RELEASE DATE: 18/02/2015
RUN TIME: 1HR 58MIN
|CAST:||ANDRE BENJAMIN (ANDRE 3000)|
Rather than covering the full gamut of Hendrix’s life, the film only focuses on the year 1966, where Hendrix (André Benjamin, a.k.a. André 3000 from OutKast) moves to London and begins to develop the iconic sound that made him famous. It also takes a look at his relationships with two women, Keith Richards’ girlfriend Linda Keith (Imogen Poots), who pulls Hendrix into the spotlight, and his London girlfriend Kathy Etchingham (Hayley Atwell).
Written and directed by John Ridley, the Oscar-winning writer of ’12 Years A Slave’, ‘Jimi’ benefits from an independent spirit that prevents it from falling into cliché. By focusing on such a setting, it becomes less a biography of a famous artist and more of a snapshot of a moment in time and space, a vivid recreation of 60s counterculture in London. Its visual richness is what saves the film, the screenplay being surprisingly lacking and occasionally clunky. Far more interesting work is done on the screen itself, clever editing and subtle cinematography capturing the extraordinary detail in the production design.
Ridley wasn’t allowed to use Hendrix’s music or recordings for the film, but this doesn’t let it down at all, using music in a similar manner to how it was in ‘Nowhere Boy’ (2009), as part of the texture of the environment. This helps place the focus more on Hendrix as a character rather than as an idea. There’s also a tricky balance being played between idolising Hendrix and opening a window into his more aggressive, combustable side. What we get is more meditative than narrative, which might leave some audiences behind, but clever film tricks and techniques will take those paying attention by surprise. It’s not going to get your blood pumping, but there’s just enough going on to keep you intrigued. Benjamin is serviceable as Hendrix, his natural charisma getting him through where otherwise he would just appear lost. Poots and Atwell are both superb, proving further that these are two actors we should be paying far more attention to.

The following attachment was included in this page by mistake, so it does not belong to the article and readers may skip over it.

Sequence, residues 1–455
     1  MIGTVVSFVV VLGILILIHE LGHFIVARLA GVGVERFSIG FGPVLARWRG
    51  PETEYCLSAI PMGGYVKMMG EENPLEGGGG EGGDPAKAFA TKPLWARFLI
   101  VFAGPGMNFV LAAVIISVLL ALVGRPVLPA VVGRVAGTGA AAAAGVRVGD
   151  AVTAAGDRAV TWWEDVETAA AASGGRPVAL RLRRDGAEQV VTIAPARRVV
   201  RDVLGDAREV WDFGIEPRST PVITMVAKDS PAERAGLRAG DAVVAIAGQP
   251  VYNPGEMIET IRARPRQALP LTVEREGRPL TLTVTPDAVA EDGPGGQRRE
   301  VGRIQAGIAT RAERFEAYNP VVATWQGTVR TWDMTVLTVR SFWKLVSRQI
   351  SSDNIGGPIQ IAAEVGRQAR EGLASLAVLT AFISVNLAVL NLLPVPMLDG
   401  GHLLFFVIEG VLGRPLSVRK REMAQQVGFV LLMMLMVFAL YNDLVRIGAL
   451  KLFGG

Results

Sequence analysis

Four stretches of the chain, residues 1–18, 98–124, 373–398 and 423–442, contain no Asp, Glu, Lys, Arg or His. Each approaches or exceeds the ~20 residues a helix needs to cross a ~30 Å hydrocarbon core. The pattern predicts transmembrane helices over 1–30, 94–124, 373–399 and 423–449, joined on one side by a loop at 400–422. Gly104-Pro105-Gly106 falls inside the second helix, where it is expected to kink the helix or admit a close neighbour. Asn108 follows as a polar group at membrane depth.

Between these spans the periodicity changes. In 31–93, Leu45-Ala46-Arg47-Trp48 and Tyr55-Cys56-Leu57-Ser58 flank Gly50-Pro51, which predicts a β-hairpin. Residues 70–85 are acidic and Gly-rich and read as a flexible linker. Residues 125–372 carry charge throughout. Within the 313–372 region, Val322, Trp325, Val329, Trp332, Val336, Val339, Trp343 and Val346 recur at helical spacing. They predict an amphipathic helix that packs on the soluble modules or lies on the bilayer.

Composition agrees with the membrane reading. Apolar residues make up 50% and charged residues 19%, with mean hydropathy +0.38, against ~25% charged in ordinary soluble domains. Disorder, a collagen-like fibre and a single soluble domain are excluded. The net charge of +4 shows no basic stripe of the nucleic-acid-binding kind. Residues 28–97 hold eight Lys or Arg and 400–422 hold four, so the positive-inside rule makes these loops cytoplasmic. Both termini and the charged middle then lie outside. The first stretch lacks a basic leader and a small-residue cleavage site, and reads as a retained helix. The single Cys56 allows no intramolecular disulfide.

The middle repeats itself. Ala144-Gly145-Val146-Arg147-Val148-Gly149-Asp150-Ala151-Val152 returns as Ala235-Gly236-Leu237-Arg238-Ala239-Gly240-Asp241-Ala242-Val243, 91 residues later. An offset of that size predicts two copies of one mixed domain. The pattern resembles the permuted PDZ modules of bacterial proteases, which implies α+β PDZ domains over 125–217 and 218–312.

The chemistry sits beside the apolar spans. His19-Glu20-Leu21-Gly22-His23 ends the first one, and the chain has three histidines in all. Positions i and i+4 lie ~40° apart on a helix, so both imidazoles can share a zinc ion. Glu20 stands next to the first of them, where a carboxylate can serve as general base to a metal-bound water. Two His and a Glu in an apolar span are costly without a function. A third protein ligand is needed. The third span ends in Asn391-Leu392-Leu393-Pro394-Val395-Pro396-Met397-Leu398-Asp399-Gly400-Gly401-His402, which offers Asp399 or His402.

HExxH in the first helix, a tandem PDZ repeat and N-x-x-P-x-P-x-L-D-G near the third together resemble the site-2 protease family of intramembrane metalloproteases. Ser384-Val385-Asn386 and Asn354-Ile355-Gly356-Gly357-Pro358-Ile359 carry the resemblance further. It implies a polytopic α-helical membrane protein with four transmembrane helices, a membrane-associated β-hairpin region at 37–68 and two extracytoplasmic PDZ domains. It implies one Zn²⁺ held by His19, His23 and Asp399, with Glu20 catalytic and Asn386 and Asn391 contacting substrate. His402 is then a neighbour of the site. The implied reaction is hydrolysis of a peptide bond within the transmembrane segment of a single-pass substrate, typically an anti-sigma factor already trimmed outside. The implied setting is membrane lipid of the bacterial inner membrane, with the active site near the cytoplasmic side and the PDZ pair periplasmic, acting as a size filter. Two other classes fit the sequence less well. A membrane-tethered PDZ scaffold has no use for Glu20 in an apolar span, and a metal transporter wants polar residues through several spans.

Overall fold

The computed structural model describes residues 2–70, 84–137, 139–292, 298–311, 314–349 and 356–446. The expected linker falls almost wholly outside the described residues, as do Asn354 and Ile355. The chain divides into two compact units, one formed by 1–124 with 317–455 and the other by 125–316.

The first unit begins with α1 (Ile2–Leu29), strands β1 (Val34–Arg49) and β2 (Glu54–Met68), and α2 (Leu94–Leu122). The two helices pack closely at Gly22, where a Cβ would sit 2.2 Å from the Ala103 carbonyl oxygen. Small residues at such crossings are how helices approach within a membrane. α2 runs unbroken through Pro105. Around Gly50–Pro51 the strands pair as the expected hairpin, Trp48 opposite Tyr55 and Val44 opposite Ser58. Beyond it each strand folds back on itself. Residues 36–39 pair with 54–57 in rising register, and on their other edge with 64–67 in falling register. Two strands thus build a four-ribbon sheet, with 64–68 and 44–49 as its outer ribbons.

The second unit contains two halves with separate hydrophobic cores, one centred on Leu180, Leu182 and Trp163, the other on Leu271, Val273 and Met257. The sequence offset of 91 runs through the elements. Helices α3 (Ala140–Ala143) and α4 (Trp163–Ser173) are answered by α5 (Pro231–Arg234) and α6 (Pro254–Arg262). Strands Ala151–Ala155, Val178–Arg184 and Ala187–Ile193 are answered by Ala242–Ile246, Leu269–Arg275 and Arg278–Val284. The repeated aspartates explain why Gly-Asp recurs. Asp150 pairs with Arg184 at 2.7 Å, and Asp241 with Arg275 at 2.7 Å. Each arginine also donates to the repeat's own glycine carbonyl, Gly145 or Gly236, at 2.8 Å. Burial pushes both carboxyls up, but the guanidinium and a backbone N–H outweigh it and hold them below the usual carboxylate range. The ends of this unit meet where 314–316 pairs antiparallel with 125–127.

By focusing on such a setting, it becomes less a biography of a famous artist and more of a snapshot of a moment in time and space.
‘Jimi: All Is By My Side’ isn’t the rousing Hendrix biopic everyone has been waiting for, but that shouldn’t deter those interested in the man and his music. The film takes visual and narrative risks with a relatively simple story, and even where the screenplay and the lead performance never hit their stride, it shines with its celebration of an important cultural moment before this young musician become one of the greatest musical legends.
PICTURE & SOUND
Madman’s release of ‘Jimi’ offers a subtle 1080p 2.35:1 transfer that strongly evokes the textures and senses of the 60s. Detail is nice and clear, but never so much as to make the film appear too modern. Ridley intercuts the filmed footage with documentary footage, and this works seamlessly with the muted and washed-out colours. We also get a DTS-MD MA 5.1 track that handles the clever and tricky sound design beautifully. Much of the film is designed where dialogue isn’t the foreground, and the track maintains that. ‘Jimi’ is as interesting an aural experience as it is a visual one, and the audio on this Blu-ray release retains this.
The only feature offered on this disc is the theatrical trailer. The U.S. release has a smidgen more material, but it doesn’t look like we’re missing much not having it here.